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CBE 101

Avoiding Plagiarism

UNM Plagiarism Policy: http://www.unm.edu/~unmvclib/handouts/somplagiarism.pdf 


What is plagiarism?

Plagiarism is when you:

  • Copy from published sources without adequate documentation
  • Cut and paste (words or images) from a browser or .pdf and don’t give credit
  • Change every 5th word and don’t give credit
  • Change pronouns (he/she/they) and don’t give credit
  • Purchase and submit pre-written papers
  • Use work completed for another class
  • Let someone else write your paper

 

How to avoid plagiarizing

This guidance can be straightforward to understand, but harder to practice: 

  • Always cite your sources, both in the text of the document and in the references list
  • Learn how to quote and paraphrase effectively
  • Use published sources
  • Use a citation manager like Zotero or Mendeley
  • Give yourself enough time to cite correctly

Take Care with Paraphrasing

Original Source

Differentiation as an instructional approach promotes a balance between a student's style and a student's ability. Differentiated instruction provides the student with options for processing and internalizing the content, and for constructing new learning in order to progress academically.

 

Plagiarized

Differentiation is a way to encourage equality between the approach and talent of the student (Thompson, 2009). This type of instruction gives students different ways to deal with and grasp information, and for establishing new learning to move on in education (Thompson, 2009).

 

Not Plagiarized

Teachers use differentiated instruction to help students learn, allowing the teacher to cater lessons to the way each student learns and each student's skill (Thompson, 2009).

 

Example from Walden University Writing Center. Want more? Watch their video on the paraphrasing process

Sample ACS In-Text Citations

Original passage from page 51 of Cathy O'Neil’s 2016 book Weapons of Math Destruction:  U.S. News’s first data-driven ranking came out in 1988, and the results seemed sensible. However, as the ranking grew into a national standard, a vicious feedback loop materialized. The trouble was that the rankings were self-reinforcing. If a college fared badly in U.S. News, its reputation would suffer, and conditions would deteriorate. Top students would avoid it, as would top professors. Alumni would howl and cut back on contributions. The ranking would tumble further. The ranking, in short, was destiny.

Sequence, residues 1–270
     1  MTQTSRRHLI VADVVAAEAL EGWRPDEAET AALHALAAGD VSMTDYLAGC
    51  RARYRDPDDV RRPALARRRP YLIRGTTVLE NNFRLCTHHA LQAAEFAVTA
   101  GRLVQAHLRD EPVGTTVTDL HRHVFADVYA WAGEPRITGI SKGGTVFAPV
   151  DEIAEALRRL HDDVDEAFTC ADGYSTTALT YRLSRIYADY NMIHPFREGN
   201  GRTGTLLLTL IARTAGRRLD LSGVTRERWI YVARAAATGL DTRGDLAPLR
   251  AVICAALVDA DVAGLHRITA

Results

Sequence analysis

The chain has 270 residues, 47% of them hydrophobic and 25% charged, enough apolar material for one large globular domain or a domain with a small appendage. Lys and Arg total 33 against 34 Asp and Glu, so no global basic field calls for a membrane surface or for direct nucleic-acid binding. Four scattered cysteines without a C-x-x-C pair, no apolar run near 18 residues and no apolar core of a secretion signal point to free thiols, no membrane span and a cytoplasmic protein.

Recommended ACS Style: 

O'Neil (2) claims that low college rankings have caused schools' reputations and conditions to worsen.

OR

Using college rankings to select a school may not be as rational as it first appears given that rankings have proven self-reinforcing (2).

Hands-on Practice

Use the information below to practice writing a citation into the text of a research paper. Provide a sentence or two using the excerpt from the book chapter below provided by paraphrasing or summarizing the authors' ideas.

Use the form embedded below to submit your work.


Book chapter title: Sustainability in Mining
Authors: J.H.L. Voncken and M.W.N. Buxton
Book: Critical Materials: Underlying Causes and Sustainable Mitigation Strategies
Page number: pp. 251–263
Year published: 2019 
Quotation from page 256:

Mine waste includes solid waste, mine water, dust from mining, and waste from mineral processing (solid waste, process water, dust particles). Their composition can vary significantly, and so does their potential for environmental contamination. Waste management plans are required to design and build appropriate storage facilities for the large amounts of waste produced at most mining sites. This includes rock waste dumps for rocks that had to be excavated, but are not mineralized, and tailing ponds for wastewater from mineral processing plants.

Using the proverb “prevention is better than cure”, it is more economical and more effective to prevent pollution than to clean it up later. Therefore dedicated plans should be made for handling the anticipated waste before the mining operation starts.